Like you, perhaps, I had a Rubikâ€™s Cube when I was a kid. I got it for Christmas when I was in third or fourth grade, and for years I occasionally picked it up and tried to solve it.
Also like you, perhaps, I tried to solve it by completing one side at a time. I even got two sides completed, but I never got better than that, and I certainly never solved the thing.
Last year, my 12-year-old son, Levi, received a Rubikâ€™s Cube and it was love at first twist. Within a couple of weeks, he solved it.
When I told him of my long-term cube ineptness, he enlightened me by saying I had approached it completely wrong â€“ that it needed to be solved one layer at a time as in top, middle and bottom â€“ not one side at a time. He also informed me that to solve the cube he had written out and memorized more than 50 algorithms.
It was then I came to terms with the fact I would never solve Rubikâ€™s Cube.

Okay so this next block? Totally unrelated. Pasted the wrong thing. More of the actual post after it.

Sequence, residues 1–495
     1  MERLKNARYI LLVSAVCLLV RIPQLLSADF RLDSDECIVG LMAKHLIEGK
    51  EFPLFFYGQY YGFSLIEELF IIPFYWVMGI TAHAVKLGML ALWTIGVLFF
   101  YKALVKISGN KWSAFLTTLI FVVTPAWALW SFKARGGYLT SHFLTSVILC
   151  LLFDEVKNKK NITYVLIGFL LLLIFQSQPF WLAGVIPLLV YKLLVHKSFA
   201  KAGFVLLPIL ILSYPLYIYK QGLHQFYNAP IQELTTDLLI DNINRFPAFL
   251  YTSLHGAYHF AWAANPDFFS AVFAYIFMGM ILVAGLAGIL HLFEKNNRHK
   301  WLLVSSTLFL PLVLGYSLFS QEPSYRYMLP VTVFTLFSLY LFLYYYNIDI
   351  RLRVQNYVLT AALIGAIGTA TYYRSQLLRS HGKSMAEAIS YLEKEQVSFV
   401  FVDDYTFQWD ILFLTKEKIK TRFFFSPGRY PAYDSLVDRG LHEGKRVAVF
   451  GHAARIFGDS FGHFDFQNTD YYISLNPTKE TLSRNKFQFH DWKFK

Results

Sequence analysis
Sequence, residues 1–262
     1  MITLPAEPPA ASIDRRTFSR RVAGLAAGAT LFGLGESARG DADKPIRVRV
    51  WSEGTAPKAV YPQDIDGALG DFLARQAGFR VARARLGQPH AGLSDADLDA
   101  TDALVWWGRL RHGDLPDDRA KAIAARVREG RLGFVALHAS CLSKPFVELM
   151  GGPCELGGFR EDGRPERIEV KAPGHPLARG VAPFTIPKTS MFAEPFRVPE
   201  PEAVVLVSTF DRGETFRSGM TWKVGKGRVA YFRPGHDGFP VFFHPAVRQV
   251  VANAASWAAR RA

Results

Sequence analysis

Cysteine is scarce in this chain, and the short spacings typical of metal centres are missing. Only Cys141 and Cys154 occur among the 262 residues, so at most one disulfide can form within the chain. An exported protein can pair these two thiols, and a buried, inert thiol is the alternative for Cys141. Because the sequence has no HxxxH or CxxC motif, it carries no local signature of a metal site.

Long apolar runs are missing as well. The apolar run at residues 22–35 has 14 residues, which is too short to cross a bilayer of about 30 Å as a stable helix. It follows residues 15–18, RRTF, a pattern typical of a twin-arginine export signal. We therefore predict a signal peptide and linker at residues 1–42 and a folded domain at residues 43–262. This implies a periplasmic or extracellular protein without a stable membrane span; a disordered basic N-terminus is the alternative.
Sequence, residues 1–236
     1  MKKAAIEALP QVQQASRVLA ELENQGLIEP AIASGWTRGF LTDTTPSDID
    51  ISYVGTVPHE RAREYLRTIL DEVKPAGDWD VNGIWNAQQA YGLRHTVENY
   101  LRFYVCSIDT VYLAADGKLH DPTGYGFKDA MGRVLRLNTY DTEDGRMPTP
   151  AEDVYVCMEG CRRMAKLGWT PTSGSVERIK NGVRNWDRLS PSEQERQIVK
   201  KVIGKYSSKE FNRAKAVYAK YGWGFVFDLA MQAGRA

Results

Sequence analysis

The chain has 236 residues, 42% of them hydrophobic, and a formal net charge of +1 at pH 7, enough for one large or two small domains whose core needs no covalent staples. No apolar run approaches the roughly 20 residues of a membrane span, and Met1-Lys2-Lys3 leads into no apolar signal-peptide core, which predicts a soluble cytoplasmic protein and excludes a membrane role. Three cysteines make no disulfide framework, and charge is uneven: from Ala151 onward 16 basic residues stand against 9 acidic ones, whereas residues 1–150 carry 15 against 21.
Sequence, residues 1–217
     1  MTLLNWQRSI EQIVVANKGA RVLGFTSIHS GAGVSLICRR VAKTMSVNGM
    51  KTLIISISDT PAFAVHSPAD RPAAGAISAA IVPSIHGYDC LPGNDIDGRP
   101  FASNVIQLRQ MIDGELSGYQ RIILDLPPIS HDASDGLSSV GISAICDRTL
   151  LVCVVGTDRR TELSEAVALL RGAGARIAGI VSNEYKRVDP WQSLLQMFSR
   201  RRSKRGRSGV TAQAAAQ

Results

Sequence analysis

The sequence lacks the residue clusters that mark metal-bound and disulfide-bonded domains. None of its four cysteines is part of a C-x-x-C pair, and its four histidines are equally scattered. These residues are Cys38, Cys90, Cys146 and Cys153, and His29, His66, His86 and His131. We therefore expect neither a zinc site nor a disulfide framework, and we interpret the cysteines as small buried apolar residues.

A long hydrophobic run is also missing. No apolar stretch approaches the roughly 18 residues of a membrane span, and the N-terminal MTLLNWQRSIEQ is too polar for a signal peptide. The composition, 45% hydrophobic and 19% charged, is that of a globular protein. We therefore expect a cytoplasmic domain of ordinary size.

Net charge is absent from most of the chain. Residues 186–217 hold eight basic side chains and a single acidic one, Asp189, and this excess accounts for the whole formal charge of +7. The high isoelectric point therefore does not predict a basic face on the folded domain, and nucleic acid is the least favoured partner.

My son "cubes" every day, for very long periods of time, and has done so for months. He is going to a competition this weekend in Dixon, Ill., and the nationals in Portland, Ore., this summer.
It doesn't matter how much I scramble the cube, Levi usually solves it in under 15 seconds, but has solved it just under 10 seconds a couple of times. That is his goal: to be "sub 10 (seconds)" with every attempt.Â
The worldâ€™s record for the fastest cube solve is held by a 14-year-old named Lucas Etter, who finished in less than 5 seconds. I know itâ€™s my job as a mom to believe in my kid, but I really think Levi might break Lucasâ€™ record someday, mostly because I have never before seen Levi put such focus and fuel behind something.
I know he is awake every morning because I can hear the cube twisting in his room. I also know when heâ€™s fallen asleep for the evening because the twisting stops.
Truth be told, I was hoping that my son would love learning an instrument or be a voracious reader â€“ basically to be passionate about the things that I am passionate about. But this i…Read more...